Cause of Death Mobile Game Review

Cause of Death Mobile Game Review

Cause of Death: Can You Catch The Killer? is a visual novel by Electronic Arts for iOS that revolves around criminal psychological profiling and crime investigation. Through a series of episodes, the player is taken on a text-based adventure chasing down serial killers, solving typical homicide cases and dealing with personal/co-worker relationships. It is the sister game of EA’s Surviving High School series. There are 15 volumes in total, but this review is going to focus on the first volume.

The first volume in Cause of Death, The Maskmaker Case, is free upon downloading the game. Volumes two through 15 must be purchased, and range from $1.99 to $7.99 (the newest volumes are the most expensive). Players used to buy one episode at a time, but the game was released in late 2010, so all volumes are complete and can be bought as a 2 (2)

Cause of Death, an episodic adventure, is inspired by crime scene investigation shows and takes place in San Francisco. The game’s story focuses on law enforcement officers and technicians investigating a serial killer case, and is driven by interactive fiction elements that draw the player into the world of the story, making it more than just a visual novel. It’s a game that pulls the player into the role of SFPD detectives, an FBI agent, murder victims and the deranged killer himself. All characters in the game are believable and have great character development.


The two main protagonists that are played as most often are SFPD Detective Mal Fallon and FBI photo 3 (2)Special Agent Natara Williams. Det. Mal Fallon is a cop with police work in his blood and a “go with your gut” philosophy. Special Agent Natara Williams is a criminal profiler who can understand the minds of criminals in order to find them and bring them in. Both characters have their backstories and baggage, but some isn’t made clear until later volumes.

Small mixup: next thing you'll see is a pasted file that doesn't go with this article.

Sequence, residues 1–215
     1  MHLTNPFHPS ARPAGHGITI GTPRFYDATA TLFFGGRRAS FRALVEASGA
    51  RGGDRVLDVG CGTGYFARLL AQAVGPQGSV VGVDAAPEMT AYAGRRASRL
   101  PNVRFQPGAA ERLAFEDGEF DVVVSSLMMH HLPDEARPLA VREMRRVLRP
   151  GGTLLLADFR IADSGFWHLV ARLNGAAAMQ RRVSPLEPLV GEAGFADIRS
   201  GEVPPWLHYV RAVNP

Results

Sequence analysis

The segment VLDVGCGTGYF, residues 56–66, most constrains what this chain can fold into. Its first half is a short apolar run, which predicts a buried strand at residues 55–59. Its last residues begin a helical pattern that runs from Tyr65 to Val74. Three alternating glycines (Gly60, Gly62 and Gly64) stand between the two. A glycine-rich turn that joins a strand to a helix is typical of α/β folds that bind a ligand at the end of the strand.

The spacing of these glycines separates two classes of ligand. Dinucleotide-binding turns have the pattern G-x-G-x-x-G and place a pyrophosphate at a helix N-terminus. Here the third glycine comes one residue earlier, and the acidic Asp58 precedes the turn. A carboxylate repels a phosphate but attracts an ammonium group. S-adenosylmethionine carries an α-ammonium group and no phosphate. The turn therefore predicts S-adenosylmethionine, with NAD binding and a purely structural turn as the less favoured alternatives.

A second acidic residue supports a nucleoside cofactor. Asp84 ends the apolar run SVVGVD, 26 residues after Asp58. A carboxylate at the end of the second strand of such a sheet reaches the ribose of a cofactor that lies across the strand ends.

As the player switches between these two characters, he or she must make decisions to say or do something depending on the situation. In a dialogue sequence, the player is given anywhere from 2 to 4 different choices. Saying the wrong thing too many times in a row can sometimes lead to failure or death, especially when trying to talk down a killer. Other sequences are a little more fast-paced, and the player must make a decision under the pressure of time. Sometimes this happens during a critical conversation, and other times it acts as a sort of quick-time event during a fistfight or a chase. Every now and then, these can be problematic. For example: During a chase, a character will knock over a stand and spill its contents all over the sidewalk. photo 2The player is then prompted to choose between actions such as Slip, Stumble or Run under the pressure of time. The player may be prompted to do this more than once, with the action choices increasing in number and leaving the player to quickly find the right action. These happen a little too often, and are quite annoying.